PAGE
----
US drug companies are hiring their own auditors to review compliance following civil violations, raising conflict of interest fears

 
Billy Bambrough
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EY and PwC are two auditors that have been hired by existing pharma clients to carry out compliance reviews (Source: Getty)

Some of the US' biggest drug companies have been found to be hiring their existing auditors to carry out compliance reviews, creating a potential conflict of interest.

The compliance reviews are a part of government settlements over alleged civil violations, such as off-label drug promotion or paying kickbacks.

Federal records revealing the practise were uncovered by a Reuters freedom of information request.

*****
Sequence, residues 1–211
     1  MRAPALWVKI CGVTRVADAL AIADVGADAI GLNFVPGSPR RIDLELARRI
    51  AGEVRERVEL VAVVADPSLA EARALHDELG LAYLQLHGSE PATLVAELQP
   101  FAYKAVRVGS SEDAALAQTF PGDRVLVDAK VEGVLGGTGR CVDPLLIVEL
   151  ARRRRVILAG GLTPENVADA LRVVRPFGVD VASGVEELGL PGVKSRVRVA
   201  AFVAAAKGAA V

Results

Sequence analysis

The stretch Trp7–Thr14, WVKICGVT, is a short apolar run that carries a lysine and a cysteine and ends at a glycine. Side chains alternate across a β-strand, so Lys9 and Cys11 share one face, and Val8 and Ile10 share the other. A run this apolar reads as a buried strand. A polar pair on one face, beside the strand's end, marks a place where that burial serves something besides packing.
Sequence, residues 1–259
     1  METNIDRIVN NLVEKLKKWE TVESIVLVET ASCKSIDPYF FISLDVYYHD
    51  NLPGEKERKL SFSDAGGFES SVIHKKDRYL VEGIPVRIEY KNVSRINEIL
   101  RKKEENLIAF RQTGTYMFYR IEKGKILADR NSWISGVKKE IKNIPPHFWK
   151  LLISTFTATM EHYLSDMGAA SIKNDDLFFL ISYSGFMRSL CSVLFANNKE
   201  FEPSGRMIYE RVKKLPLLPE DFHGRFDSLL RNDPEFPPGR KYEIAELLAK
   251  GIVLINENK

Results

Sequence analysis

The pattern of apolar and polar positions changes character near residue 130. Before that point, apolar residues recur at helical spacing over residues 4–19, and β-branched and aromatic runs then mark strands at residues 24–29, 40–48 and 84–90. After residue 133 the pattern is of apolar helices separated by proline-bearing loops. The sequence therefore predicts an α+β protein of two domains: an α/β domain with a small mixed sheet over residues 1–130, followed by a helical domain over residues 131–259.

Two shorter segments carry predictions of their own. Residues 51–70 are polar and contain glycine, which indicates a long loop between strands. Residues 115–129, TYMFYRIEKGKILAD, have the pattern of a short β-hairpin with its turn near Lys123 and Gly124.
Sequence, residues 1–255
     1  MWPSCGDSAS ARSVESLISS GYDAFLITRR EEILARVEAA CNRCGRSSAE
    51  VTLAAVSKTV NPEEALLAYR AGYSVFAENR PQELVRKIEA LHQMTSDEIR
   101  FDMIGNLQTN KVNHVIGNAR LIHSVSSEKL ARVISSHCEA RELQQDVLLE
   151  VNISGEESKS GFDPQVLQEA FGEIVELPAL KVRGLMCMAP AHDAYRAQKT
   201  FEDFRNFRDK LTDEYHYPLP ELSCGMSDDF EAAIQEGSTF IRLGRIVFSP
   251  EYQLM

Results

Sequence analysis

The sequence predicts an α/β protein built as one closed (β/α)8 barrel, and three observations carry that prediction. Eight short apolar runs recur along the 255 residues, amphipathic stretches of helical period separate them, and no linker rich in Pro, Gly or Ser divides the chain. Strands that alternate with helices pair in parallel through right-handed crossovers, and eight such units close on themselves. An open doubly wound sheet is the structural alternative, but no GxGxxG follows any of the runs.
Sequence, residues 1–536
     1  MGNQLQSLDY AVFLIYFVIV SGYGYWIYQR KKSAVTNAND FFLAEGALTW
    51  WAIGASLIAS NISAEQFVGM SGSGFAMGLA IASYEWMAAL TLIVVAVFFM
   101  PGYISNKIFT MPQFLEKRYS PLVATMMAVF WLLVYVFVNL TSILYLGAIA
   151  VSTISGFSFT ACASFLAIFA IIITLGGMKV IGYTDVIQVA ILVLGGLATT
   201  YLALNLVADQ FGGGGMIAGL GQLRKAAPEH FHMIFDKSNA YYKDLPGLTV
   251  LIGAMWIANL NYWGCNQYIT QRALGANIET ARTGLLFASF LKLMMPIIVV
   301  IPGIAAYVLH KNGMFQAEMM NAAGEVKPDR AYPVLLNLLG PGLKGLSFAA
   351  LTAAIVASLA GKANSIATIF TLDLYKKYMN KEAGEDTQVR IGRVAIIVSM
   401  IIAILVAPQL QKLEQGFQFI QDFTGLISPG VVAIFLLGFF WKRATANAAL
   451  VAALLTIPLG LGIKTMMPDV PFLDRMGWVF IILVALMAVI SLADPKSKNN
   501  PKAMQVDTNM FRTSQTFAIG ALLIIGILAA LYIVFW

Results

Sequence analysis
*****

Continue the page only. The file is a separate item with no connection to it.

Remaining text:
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Big pharma has become wrapped up in controversy in recent months, in scandals from price hiking, to corruption.

The US department of health and human services inspector general does not prevent companies from hiring auditors they have existing contracts with – unlike the Justice Department or the Securities and Exchange Commission.

EY and PwC have both been hired by drug makers – including Novartis, GlaxoSmithKline, Merck, Sanofi and Allergan – to carry out reviews, despite the auditors doing current or previous work for the firms.

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The pharma firms said they had disclosed their business relationships to the regulator.

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